May 17, 2019

How SaaS Marketing Has Evolved to Enhance the User Experience

Technology has changed significantly over the past 50 years, and communication channels have too.

That’s part of the premise of the inbound methodology — buyers have the ability to be more informed than ever before due to the availability of information through the internet.

This development of technology and communication methods has changed not only the kind of SaaS products available but also how those products can and should be marketed.

The foundations for SaaS were laid in the 1960s, and SaaS products began to emerge during the 1980s. Since the ‘80s, technology has changed the way consumers approach purchasing decisions and changed what customers expect to gain from products. To account for this, SaaS marketing has had to evolve as well.

Where Inbound Meets Outbound: The Adoption of the Allbound Marketing Approach

SaaS marketing started out with a lot of cold-calling and email blasts. Marketers would purchase lists, send out email blasts to those people and then call as a follow-up to those emails.

Those early marketers understood who were good fits for their product, how their product benefited their prospects but didn’t have a way their products could find them — so they had to reach out.

“Years ago, it was almost exclusively outbound, and then inbound started to take over and there was a back and forth between the two,” Guido Bartolacci, New Breed’s Head of Demand Generation Marketing says. “But there’s a place for both inbound and outbound methods, which has helped a lot of companies move toward the ‘allbound’ approach to growing your business.”

This involves sales teams using both inbound and outbound tactics, and often features sales teams being split into two sections:

  • An inbound team responsible for fielding incoming requests spurred by educational content, appearances in search results and conversion strategies
  • An outbound team that focuses on account-based marketing and targeted outreach

The Allbound approach allows marketers to use the strongest aspects of both marketing styles. Inbound provides better long term value and attracts better-fit customers, but attraction tactics won’t bring in every prospect you’d want to work with and sell to.

“It’s still important to know who those target accounts are and to go after them,” Guido says.

Combining inbound tactics with account-based marketing expands the number of people you can draw in. Additionally, target accounts can help inform your inbound buyer personas and ground those personas by providing concrete examples.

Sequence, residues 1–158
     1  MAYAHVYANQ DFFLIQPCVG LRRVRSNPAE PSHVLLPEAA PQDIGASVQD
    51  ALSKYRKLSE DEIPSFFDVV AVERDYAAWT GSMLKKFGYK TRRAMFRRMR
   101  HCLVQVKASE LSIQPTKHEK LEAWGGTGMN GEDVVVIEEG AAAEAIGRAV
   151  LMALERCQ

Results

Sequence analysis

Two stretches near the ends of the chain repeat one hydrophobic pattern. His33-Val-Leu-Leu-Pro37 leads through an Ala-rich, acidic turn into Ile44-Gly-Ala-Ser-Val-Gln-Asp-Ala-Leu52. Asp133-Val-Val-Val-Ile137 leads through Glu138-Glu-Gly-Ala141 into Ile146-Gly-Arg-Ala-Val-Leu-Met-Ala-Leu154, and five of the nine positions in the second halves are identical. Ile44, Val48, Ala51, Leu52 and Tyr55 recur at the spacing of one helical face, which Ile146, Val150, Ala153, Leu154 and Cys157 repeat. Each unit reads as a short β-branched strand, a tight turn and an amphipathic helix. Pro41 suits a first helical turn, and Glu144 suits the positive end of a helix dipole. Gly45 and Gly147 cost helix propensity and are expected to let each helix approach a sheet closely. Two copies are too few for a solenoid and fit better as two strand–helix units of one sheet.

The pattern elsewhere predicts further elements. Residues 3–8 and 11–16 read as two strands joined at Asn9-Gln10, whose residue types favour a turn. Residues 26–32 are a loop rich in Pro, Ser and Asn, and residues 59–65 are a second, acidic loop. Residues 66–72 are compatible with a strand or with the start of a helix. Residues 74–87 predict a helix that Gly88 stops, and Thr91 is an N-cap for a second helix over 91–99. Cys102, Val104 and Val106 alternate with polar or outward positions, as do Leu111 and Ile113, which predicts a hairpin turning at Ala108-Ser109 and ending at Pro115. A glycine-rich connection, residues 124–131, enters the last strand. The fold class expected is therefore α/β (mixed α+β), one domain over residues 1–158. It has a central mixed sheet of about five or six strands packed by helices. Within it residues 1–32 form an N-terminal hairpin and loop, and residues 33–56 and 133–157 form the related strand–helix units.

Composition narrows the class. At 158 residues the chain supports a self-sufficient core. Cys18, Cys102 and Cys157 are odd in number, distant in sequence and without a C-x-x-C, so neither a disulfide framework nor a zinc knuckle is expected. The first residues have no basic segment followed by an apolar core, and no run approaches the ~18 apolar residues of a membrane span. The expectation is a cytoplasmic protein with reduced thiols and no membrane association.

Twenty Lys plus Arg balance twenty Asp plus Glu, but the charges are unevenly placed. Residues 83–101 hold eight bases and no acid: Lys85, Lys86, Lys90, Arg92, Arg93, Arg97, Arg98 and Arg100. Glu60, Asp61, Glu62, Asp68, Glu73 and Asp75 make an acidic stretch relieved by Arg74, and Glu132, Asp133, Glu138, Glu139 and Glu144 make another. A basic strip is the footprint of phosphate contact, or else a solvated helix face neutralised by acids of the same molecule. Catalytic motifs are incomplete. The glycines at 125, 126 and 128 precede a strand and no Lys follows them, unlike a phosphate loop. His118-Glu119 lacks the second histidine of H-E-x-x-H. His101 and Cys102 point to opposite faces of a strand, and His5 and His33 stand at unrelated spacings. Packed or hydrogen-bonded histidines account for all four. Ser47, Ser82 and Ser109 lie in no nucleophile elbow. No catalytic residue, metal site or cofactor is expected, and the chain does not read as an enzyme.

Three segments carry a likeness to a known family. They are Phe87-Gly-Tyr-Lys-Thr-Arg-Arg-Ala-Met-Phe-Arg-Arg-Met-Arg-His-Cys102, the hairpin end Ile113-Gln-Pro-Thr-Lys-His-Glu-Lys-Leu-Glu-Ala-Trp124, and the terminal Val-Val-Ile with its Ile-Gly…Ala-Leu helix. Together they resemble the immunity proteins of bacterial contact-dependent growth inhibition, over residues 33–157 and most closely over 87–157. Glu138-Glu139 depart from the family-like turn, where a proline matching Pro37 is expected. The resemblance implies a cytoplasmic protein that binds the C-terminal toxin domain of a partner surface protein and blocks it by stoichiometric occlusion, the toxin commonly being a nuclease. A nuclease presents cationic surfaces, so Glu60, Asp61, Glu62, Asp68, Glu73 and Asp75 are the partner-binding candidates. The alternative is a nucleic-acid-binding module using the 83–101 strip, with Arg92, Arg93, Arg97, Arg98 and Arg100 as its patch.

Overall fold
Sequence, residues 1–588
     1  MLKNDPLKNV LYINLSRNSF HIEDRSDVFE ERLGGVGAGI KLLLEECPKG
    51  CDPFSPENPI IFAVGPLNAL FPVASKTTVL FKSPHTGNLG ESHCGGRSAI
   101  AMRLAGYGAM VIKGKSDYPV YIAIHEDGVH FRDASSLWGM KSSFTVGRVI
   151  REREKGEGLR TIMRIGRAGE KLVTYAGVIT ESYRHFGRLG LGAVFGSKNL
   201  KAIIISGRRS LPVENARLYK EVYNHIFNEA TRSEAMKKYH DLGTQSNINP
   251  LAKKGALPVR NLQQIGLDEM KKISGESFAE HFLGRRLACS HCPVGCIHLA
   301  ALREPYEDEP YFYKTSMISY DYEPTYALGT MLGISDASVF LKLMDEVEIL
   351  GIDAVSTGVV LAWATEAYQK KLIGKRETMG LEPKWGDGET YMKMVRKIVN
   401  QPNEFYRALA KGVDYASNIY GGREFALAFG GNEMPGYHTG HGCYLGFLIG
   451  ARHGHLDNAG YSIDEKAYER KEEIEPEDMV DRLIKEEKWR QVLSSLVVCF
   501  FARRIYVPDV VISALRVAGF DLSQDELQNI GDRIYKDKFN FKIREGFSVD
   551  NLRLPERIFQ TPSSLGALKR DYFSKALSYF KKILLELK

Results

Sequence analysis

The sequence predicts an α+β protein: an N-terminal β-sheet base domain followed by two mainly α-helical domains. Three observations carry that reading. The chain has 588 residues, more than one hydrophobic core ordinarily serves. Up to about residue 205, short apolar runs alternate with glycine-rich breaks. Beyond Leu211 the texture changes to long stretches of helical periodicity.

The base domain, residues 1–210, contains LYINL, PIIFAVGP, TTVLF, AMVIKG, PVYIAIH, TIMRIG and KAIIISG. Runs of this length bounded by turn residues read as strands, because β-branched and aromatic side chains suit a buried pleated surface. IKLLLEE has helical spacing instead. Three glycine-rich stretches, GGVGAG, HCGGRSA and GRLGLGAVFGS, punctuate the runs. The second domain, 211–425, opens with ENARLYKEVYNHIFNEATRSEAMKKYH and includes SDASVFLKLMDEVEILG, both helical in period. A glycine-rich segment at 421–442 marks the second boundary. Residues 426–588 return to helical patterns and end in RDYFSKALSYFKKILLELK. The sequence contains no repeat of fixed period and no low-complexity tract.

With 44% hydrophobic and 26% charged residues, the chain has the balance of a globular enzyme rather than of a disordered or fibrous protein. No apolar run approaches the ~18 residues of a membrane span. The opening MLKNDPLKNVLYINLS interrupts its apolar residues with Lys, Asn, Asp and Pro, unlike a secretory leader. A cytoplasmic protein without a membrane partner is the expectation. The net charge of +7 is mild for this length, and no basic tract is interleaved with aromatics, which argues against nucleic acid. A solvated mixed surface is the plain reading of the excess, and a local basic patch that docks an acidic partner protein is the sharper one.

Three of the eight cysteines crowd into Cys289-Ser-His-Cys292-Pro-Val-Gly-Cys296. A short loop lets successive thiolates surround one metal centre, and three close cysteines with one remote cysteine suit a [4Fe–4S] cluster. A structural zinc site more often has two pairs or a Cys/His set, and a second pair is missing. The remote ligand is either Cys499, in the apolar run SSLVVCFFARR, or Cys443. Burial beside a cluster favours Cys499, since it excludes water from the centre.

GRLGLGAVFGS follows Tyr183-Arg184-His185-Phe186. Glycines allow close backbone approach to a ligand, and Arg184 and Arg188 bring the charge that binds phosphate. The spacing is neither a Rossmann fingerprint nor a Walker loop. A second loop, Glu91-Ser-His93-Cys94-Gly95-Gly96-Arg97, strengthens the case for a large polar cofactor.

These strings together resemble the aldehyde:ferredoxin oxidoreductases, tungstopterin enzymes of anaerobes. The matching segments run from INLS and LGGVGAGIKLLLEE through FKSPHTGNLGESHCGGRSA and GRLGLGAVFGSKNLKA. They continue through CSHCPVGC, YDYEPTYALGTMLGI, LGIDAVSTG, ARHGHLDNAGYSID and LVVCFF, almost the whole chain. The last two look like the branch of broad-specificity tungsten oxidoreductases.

Shifting the Focus: Let Your Product Sell Itself

Product-led growth (PLG) takes the sales adage “Features tell, benefits sell” one step further by not only informing customers of how a product will provide value for them but also allowing them to experience it for themselves.

“Instead of pushing a message out there, product-led growth is essentially the fact that your product sells itself, and people experience the value of that product naturally,” Guido says. “Your job is to help people understand and find that value more easily.”

This fits naturally with the inbound methodology where the marketers and sales reps work to help prospects solve for specific challenges and pain points.

“The nuance between inbound and product-led growth is that rather than having gated pieces of content to help people through [the buyer’s journey] it’s now just try it out, get in the product and see how it works for yourself,” Guido explains.

Product-led growth does require confidence in your product since it relies on creating such a positive user experience that users want to continue using the product.

Then viral and networking aspects can come into play.

Take Slack for example. To use the communication tool, you need people who can join the platform to communicate with you. So, people invite their co-workers to join them and as more and more people start using it, Slack becomes a more efficient communication method than face-to-face or email.

Once a large enough portion of people adopt a product like Slack, everyone is basically forced on board as well. For example at New Breed, if someone decided not to use Slack, they’d basically be ostracizing themselves by making it difficult to communicate with them.

Freemium models make it easy for users to get first-hand experience with the awesomeness of a product early on without risking much.  

The Decline of Gated Content

Providing users with helpful resources about a product is one of the best ways to help them gain the most value out of that product.

Traditionally, marketers exchange value for information using gated content. In exchange for a resource like a webinar, guide or template, a prospect would give information about themselves through a “gate” like a form, lead flow or chatbot.

However, the Freemium and PLG models have changed this process. Prospects can now gain more value by actually using the product than they can by filling out a form for gated content. In response to this shift, many SaaS marketers have begun to move away from gating their content.

“As far as friction is concerned for the end user, filling out a form to download a piece of content and signing up for the product are the same,” Guido says. “So now, what’s the better value for the organization? Signing up for the product is obviously the higher valued tool for the organization.”

This has led to marketers ungating their content to bring more people to their website and convert them into freemium users. Additionally, you can provide ungated content to help users get the most out of the product when they start using it.

“That doesn’t mean that there aren’t other types of conversions you want to incorporate into your website,” Guido says.

Tactics like conversational marketing, newsletters and blog subscriptions are still useful for starting conversations and engaging with prospects before they’re ready to dive into your product.

“You should still continue to have those conversion points that engage with people and get the conversation going, but gating content has become less prevalent because of this shift,” Guido says.